We all know someone who is providing care for someone else. They may be caring for an older parent, a disabled adult child, or a spouse suffering from a traumatic injury or chronic illness. Even parents raising children are considered caregivers. Caregivers give of themselves without expecting anything in return, and they rarely think of themselves first.
National Family Caregiver Month is coming up in November. According to the 2020 update from the National Alliance for Caregiving and AARP, Caregiving in the U.S. 2020 update, nearly 48 million people in the U.S. provide care for someone over the age of 18. Sixty-one percent of them continue to work while providing care. Although there tends to be an average profile for caregivers, their population is greatly diverse representing both genders and all races, cultures, and ages. It is a rewarding experience for most, but also has many challenges. Caregivers experience many difficult emotions along their journey and can also experience many losses including loss of privacy, freedom, money, identity, and work.
University of Illinois Extension has many resources available for caregivers. “Caregiving Relationships: For Those Who Care for Adults” is a 6-session program that can be provided on request by the family life educators with Illinois Extension. Topics include losses and mixed emotions; relationships in caregiving; self-care; communication; and, social service supports. These sessions were also offered as a webinar series called “Discover Caregiving” and the recordings of these webinars can be found online here. There are also several caregiving tip sheets that accompany this program and can be found online here.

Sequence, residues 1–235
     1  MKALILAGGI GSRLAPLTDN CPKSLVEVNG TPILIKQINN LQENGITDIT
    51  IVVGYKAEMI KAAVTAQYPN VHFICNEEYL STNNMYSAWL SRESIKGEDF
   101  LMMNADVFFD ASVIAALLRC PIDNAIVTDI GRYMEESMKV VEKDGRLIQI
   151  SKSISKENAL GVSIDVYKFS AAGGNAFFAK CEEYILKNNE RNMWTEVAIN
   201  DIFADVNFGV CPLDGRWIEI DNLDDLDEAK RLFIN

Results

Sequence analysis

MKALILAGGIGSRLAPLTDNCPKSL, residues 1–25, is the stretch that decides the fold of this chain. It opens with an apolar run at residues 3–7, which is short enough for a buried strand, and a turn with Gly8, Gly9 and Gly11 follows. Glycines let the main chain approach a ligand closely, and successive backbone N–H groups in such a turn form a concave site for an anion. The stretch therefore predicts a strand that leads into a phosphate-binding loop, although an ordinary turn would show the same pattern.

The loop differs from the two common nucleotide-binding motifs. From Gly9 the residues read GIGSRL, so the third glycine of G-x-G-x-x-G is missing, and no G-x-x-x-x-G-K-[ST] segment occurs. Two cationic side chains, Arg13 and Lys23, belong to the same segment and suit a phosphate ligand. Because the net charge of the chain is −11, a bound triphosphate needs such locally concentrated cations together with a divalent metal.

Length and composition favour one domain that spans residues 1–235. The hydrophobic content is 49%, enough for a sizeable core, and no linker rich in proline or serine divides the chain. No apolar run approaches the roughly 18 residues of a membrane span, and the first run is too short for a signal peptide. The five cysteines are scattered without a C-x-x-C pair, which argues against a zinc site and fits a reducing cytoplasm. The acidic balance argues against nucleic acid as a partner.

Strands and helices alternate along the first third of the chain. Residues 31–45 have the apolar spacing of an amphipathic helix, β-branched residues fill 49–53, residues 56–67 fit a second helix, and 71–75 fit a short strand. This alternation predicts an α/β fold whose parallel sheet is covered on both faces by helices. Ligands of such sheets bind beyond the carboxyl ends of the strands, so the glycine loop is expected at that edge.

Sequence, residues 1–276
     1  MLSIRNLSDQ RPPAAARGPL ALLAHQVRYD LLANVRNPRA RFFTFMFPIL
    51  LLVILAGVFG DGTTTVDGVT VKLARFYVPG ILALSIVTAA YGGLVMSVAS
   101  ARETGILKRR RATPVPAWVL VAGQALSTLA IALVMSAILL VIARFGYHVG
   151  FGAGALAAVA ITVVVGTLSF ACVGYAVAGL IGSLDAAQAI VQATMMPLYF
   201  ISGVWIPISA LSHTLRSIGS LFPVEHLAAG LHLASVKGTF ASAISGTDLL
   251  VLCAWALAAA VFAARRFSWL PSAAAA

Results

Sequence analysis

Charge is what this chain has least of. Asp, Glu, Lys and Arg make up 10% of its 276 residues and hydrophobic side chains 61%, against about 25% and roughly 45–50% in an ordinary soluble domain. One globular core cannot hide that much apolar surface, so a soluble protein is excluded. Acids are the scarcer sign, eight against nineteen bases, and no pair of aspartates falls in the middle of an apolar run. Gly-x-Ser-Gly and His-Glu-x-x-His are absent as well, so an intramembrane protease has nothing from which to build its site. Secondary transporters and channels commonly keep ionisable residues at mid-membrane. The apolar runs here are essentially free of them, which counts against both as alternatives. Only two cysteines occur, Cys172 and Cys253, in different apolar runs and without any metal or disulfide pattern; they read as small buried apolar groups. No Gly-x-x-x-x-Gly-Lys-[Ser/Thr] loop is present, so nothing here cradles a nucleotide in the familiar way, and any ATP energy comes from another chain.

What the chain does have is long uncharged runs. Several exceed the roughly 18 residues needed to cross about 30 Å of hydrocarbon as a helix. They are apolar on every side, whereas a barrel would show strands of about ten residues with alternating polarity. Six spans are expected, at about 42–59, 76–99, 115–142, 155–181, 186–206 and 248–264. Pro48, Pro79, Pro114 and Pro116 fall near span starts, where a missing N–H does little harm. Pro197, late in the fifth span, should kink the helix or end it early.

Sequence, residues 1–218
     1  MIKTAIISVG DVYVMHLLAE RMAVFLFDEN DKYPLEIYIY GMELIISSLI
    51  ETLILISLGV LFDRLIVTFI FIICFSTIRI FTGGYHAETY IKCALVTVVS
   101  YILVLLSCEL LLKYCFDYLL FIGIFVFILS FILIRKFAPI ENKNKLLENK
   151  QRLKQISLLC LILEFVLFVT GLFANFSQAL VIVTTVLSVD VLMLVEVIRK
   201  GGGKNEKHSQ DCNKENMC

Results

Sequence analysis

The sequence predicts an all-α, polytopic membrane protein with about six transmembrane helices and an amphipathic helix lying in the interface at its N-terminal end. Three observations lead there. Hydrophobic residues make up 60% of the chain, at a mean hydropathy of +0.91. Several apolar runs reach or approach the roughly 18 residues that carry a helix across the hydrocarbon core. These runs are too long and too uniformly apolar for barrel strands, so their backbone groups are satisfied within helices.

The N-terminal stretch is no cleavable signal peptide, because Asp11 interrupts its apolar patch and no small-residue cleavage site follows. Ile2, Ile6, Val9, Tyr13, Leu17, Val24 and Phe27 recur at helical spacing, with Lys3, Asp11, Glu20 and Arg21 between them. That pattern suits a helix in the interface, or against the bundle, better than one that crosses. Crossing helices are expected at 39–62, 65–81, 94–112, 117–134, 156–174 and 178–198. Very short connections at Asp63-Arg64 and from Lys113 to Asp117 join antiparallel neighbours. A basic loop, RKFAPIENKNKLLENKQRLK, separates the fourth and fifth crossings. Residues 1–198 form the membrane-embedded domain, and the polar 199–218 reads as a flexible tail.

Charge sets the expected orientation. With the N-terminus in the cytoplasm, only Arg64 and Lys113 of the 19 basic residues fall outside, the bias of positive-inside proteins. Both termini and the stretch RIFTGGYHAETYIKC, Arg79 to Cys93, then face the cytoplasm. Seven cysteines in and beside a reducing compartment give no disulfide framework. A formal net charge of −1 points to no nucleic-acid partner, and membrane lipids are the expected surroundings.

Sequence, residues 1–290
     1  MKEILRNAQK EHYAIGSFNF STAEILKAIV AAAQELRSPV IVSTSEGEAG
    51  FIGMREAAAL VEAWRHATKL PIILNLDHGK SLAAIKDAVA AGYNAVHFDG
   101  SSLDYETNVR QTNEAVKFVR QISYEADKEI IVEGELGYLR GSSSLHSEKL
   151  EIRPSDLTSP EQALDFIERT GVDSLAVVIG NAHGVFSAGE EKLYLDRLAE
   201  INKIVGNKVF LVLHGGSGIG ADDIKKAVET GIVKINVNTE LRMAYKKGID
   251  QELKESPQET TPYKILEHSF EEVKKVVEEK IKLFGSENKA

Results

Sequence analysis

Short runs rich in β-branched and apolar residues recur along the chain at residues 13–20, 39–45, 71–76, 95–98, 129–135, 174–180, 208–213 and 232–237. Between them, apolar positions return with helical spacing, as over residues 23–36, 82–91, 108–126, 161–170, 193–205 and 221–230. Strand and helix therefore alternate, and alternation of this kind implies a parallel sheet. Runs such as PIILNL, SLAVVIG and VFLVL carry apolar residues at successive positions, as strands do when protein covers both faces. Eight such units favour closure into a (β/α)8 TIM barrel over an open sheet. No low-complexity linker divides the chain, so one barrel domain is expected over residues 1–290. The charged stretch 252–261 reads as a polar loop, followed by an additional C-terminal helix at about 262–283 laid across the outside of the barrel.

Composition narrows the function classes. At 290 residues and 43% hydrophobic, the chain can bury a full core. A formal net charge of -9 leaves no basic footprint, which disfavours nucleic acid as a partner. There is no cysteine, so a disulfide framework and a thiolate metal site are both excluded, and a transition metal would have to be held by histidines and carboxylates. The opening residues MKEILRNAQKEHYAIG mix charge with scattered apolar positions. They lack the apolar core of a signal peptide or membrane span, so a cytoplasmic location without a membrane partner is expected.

We should all reach out to someone we know in that caregiver role and offer some small kindness. Can you run an errand for them? Provide a meal? Maybe send them on an evening out while you supervise? Even a small encouraging note or gift would brighten their day. You could also share the following web links with them for information they may find helpful:
Our caregivers are valuable treasures that we need to acknowledge. Take a moment today to support them and encourage them to also care for themselves.
Author: Cheri Burcham is responsible for family life programming in the counties of Coles, Cumberland, Douglas, Moultrie, Shelby and other parts of east central Illinois as needed. Cheri’s emphasis is on healthy lifestyles throughout the life span which include family relationships, communication, caregiving, stress management and human development including early childhood and healthy aging. Her passion is to help people to be their best selves and to promote a healthier, independent older population. When Cheri is not engaged in Extension work, she can be found raising Monarch butterflies and spreading the word about their amazing life cycles and migration to anyone who will listen!